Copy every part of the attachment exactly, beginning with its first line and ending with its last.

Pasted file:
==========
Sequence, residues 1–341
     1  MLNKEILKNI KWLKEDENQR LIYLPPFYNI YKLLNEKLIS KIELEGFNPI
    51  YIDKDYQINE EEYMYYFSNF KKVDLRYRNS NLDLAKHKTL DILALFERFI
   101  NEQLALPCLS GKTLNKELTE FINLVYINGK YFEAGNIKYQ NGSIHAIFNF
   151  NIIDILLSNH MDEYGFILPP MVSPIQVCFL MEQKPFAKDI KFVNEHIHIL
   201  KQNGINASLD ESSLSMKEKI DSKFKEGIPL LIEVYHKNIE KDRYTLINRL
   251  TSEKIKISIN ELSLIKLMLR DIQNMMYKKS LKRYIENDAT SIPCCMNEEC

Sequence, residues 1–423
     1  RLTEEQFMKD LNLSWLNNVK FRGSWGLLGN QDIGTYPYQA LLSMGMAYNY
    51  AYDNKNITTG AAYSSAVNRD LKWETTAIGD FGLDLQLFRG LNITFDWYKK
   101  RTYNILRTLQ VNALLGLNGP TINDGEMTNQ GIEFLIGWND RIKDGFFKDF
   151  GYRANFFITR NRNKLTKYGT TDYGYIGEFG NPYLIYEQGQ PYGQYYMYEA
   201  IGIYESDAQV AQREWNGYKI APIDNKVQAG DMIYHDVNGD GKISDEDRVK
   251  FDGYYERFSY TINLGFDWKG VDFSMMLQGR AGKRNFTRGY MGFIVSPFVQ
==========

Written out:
Sequence, residues 1–341
     1  MLNKEILKNI KWLKEDENQR LIYLPPFYNI YKLLNEKLIS KIELEGFNPI
    51  YIDKDYQINE EEYMYYFSNF KKVDLRYRNS NLDLAKHKTL DILALFERFI
   101  NEQLALPCLS GKTLNKELTE FINLVYINGK YFEAGNIKYQ NGSIHAIFNF
   151  NIIDILLSNH MDEYGFILPP MVSPIQVCFL MEQKPFAKDI KFVNEHIHIL
   201  KQNGINASLD ESSLSMKEKI DSKFKEGIPL LIEVYHKNIE KDRYTLINRL
   251  TSEKIKISIN ELSLIKLMLR DIQNMMYKKS LKRYIENDAT SIPCCMNEEC

Sequence, residues 1–423
     1  RLTEEQFMKD LNLSWLNNVK FRGSWGLLGN QDIGTYPYQA LLSMGMAYNY
    51  AYDNKNITTG AAYSSAVNRD LKWETTAIGD FGLDLQLFRG LNITFDWYKK
   101  RTYNILRTLQ VNALLGLNGP TINDGEMTNQ GIEFLIGWND RIKDGFFKDF
   151  GYRANFFITR NRNKLTKYGT TDYGYIGEFG NPYLIYEQGQ PYGQYYMYEA
   201  IGIYESDAQV AQREWNGYKI APIDNKVQAG DMIYHDVNGD GKISDEDRVK
   251  FDGYYERFSY TINLGFDWKG VDFSMMLQGR AGKRNFTRGY MGFIVSPFVQ